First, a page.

The area now referred to as Southern Kaduna was formerly called Southrn Zaria. The concept of a Southern Zaria did not originate with the British, as it was similarly referred to well before the Emirate System swept in by Usman dan Fodio.

Today, the peoples of Southern Kaduna may be referred to as such, or as Nerzit. While they speak many different languages and see themselves as separate peoples, their unity as a group is also quite apparent to them, there being many of the tell-tale signs (that abound all around Nigeria) that let neighbors know they are both the same and different all at once. Indeed, Southern Kaduna is a culture area.

Hausa, an Afro-Asiatic, Chadic language is the lingua franca of Northern Nigeria, and this holds true all over Kaduna State where over 50 languages are spoken. However in the southern areas, Benue-Congo languages, particularly those of the Plateau variety, are the mother tongues spoken by the indigenes. Of these, the languages to be localized into at this time are: Fantsuam (Kafanchan), Gong (Kagoma), Gworok (Kagoro), Hyam (Jaba), Jju (Kaje), Koro, Tsam (Chawai) and Tyap (Kataf).

Below is a bit of information for some languages of Southern Kaduna. (This section is being constantly added to or updated, so eventually, a separate page will be devoted to each language instead.) Take note of the fact that all population figures are estimates due to a lack of, or inadequate, data. (This stems from the social and economic import of census data within the Nigerian polity.) Even though Nigeria conducted a census in 2006, ethnolinguistic data was deliberately not collected, so all that can be said is Nigerians are estimated to be over 140 million strong, with Kaduna State having over 6 million people.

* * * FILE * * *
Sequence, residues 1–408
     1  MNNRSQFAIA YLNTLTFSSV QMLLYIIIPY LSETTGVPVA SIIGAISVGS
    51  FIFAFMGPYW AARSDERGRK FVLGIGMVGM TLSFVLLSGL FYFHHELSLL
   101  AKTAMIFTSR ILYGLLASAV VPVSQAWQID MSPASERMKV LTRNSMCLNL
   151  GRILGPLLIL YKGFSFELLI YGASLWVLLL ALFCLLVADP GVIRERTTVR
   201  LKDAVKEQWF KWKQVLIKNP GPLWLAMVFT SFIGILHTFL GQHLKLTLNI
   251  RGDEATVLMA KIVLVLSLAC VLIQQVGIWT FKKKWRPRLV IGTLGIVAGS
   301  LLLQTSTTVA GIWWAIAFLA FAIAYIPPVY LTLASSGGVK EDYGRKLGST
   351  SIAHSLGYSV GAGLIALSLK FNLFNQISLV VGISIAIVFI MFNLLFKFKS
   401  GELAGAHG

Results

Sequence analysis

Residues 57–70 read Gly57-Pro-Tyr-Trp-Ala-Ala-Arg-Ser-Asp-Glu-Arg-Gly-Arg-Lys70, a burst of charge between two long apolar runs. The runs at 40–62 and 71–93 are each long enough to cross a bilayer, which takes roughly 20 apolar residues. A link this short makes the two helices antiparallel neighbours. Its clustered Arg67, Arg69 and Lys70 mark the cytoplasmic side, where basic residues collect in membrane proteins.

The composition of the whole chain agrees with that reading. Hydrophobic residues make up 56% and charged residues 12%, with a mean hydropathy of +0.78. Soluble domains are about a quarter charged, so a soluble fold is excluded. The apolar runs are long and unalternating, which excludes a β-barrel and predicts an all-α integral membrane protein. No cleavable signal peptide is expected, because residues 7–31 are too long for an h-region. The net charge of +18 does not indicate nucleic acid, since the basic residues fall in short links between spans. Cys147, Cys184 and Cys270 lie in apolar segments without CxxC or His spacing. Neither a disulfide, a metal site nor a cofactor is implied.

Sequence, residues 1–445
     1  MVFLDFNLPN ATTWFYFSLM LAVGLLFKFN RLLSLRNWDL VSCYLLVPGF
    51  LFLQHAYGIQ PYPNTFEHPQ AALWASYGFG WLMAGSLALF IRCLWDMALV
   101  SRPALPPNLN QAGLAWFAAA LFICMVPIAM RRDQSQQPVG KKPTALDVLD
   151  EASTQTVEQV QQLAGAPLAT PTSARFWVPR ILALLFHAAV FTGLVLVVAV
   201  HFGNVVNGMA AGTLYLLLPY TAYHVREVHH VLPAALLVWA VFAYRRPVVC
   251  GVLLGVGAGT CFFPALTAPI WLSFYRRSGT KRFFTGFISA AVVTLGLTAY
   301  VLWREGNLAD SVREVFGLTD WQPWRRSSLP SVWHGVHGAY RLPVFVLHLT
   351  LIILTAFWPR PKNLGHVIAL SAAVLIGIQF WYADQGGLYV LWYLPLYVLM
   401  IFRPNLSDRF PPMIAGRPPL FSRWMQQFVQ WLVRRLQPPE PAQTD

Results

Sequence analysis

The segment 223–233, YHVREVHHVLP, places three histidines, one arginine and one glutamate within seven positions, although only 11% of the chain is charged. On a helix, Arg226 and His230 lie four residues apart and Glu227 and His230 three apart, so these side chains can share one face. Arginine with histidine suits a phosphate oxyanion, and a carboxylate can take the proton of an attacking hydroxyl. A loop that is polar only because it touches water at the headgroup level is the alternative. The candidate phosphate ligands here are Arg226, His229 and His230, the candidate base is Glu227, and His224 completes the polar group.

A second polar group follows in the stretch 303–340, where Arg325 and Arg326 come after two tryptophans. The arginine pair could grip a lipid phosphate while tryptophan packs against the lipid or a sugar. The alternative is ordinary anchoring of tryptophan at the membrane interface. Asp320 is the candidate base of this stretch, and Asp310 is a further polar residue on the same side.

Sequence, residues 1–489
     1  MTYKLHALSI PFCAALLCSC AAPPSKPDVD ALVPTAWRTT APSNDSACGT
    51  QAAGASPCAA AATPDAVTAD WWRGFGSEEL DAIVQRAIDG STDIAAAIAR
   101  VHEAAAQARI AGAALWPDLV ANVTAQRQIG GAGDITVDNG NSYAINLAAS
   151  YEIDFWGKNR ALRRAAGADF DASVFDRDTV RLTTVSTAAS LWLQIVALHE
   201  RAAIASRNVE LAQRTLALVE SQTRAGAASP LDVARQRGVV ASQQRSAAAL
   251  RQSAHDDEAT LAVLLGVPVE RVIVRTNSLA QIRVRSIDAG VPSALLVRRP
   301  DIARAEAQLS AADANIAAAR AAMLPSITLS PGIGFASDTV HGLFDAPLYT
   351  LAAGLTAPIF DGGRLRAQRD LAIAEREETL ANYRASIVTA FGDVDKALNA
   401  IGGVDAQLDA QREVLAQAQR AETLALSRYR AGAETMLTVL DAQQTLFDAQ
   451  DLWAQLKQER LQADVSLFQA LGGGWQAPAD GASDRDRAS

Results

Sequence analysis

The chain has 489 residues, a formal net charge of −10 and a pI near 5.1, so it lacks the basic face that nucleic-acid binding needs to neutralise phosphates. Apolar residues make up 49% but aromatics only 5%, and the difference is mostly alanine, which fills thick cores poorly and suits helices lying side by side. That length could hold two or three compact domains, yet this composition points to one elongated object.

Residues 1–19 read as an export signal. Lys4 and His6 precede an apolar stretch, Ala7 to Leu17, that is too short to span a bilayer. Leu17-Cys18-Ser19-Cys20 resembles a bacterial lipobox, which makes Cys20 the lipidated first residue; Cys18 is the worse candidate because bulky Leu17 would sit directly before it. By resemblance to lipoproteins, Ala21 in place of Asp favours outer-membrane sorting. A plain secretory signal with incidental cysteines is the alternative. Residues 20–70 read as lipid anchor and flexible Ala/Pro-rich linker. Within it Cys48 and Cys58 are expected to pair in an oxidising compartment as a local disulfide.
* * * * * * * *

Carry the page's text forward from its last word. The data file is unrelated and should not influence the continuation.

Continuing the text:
Despite a lack of sufficient data, the languages of Southern Kaduna are undoubtedly minority languages (and as such, understudied.) Minority because they are each estimated to have fewer than one million native speakers. They are also considered to be endangered because of pressure from Hausa, long the lingua franca in the north of the country. However locally, these languages remain in use. For example, KSBC or Kaduna State Broadcasting Corporation, Kafanchan allocates a daily slot to languages of the area, i.e. Jju, Tyap, Gworok, Ham, Sholio, etc.

 

FANTSUAM:

Linguistic lineage: Niger-Congo, Atlantic-Congo, Volta-Congo, Benue-Congo, Plateau, Central, South-Central (Ethnologue)
Alternate names: Kafanchan
 

GONG:

Linguistic lineage: Niger-Congo, Atlantic-Congo, Volta-Congo, Benue-Congo, Plateau, Western, Northwestern, Hyamic (Ethnologue)
Alternate names: Kagoma, Gwong

Gong is spoken by the Gong people of Southern Kaduna. Specifically, Gong is spoken in Jema'a LGA, Kaduna State.

Ethnologue provides a figure of over 25,000 speakers in 2000 for Gong. Using an annual growth rate figure of 3% for Kaduna State (Nigeria 2006 Census), then the Gong can be estimated to be over 30,000 in number.

GWOROK:

Linguistic lineage: Niger-Congo, Atlantic-Congo, Volta-Congo, Benue-Congo, Plateau, Central, South-Central (Ethnologue)
Alternate names: Gwolok, Kagoro